Xie xie ni...


8594985-river-flowing-past-willow-trees (1)_0.jpg

Quzhuo, China… 1942…

Grace found herself lying in a meadow surrounded by willow trees by a stream. The grass beneath her was soft and welcoming, leaving her with a warmth that arose from her breast and spread all through her body. It seemed like a dream but for the sensation of the breeze that moved past the purple catkins of the willows to billow the skirt of her blue dress, making the printed white butterflies seem to flutter their wings. And the sound of the water gently rushing over the rocks on the stream bed was soothing; the dream-like place seemed to chase away her anxious fears.

“Xie Xie!”

A voice came from behind and above. She looked back to see the upside-down image of a peasant couple. The husband looked concerned and the wife looked sad, almost belying her bright words. She thought ‘how odd’ that they would be thanking her; a stranger in their land. The man shook his head and frowned, but not at her. The wife knelt down beside her and cradled her head. Grace noticed only then that the woman was great with child.

“WÇ’ zá i zhá¨li!”

The wife took a cloth from her tunic and wiped Grace’s brow. Grace felt safe and as peaceful as at any single time in her life; those times were few and far between, leaving her thankful for the moment. She found herself envious of the woman and the child she carried; a longing that would never be fulfilled by the absence in her own body. Even in that moment of peace, she found herself weeping. The woman pulled her close and kissed her forehead in blessing. She sighed deeply as she placed her hand just beneath Grace’s neck.

“Zāo gāo,” the wife said as she removed her hand; it was wet and stained dark red. Grace looked up into the woman’s eyes and saw that she had begun to cry. Grace tried to speak, but began coughing. The woman wiped her brow again and spoke softly,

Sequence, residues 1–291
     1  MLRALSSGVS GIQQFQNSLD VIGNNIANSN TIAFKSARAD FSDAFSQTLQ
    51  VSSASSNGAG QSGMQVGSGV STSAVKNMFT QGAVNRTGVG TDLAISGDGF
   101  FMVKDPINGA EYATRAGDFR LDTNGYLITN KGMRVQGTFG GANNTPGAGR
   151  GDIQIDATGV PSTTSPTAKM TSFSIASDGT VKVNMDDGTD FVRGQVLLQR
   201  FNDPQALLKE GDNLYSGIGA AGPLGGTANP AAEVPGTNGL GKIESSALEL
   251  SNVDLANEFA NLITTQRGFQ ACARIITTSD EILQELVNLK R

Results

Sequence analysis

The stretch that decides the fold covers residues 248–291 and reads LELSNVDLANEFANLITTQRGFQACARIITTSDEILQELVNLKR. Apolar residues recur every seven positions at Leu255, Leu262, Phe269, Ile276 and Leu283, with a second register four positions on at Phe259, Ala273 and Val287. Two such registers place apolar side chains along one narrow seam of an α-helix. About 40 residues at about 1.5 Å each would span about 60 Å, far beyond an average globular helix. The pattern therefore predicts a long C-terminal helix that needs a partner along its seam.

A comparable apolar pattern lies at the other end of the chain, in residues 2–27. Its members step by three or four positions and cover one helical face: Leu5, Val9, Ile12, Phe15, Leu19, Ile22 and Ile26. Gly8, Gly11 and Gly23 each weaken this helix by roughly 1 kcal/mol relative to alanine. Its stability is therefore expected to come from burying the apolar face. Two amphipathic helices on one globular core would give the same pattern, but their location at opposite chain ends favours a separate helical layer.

“WÇ’ zá i zhá¨li… “

The woman seemed to wish Grace’s tears away while shedding her own. Grace went to speak again, and felt a pain in her chest. The sound of the willows waving in the breeze gave way to loud angry foreign sounds; strange almost mechanical roars overhead, leaving Grace fearful.

“Hépá­ng…"

The woman began to sing; it felt like a lullaby Grace had heard in a dream once as the woman's sweet voice and loving gaze felt more suited for a mother to her baby. The short seconds of fear gave way almost immediately to sustained peace as the woman cradled her gently. And her sight began to grow dim even as the darkness gave way to a bright light. She felt gentle hands lifting her and carrying her like a child as she heard the woman for the last time,

“Hépá­ng….”

The couple looked at the figure lying almost twisted on the soft grass. The silk of his parachute seemed to billow like a skirt. The husband knelt down and felt the neck of the young man. He pulled his hand away slowly, shaking his head sadly. He looked in the pockets, but found no identification; much like the other two bodies they had found only minutes before. He was almost too young, but then everyone was too young to fight and too old not to. The woman knelt down beside her husband and kissed the boy’s forehead in blessing, noting that the boy had the most peaceful eyes she had ever seen.

"Xie xie ni... Hépá­ng…"


In grateful memory of the sacrifice of the many who died on April 18, 1942 in the skies over Tokyo and in the grassy fields of China. Gratitude also to the brave people of China, who helped our pilots and crews to the horrific peril and loss of their own lives. And in memory of all the others who gave their lives in service to keep freedom alive around the world. My words pale in comparison to the prose of their lives; I can only say thank you. Memorial Day, May 27, 2013

for Iris Chang 1968-2004,
author of The Rape of Nanking



If you liked this post, you can leave a comment and/or a kudos!
Click the Thumbs Up! button below to leave the author a kudos:
up
58 users have voted.

And please, remember to comment, too! Thanks. 
This story is 712 words long.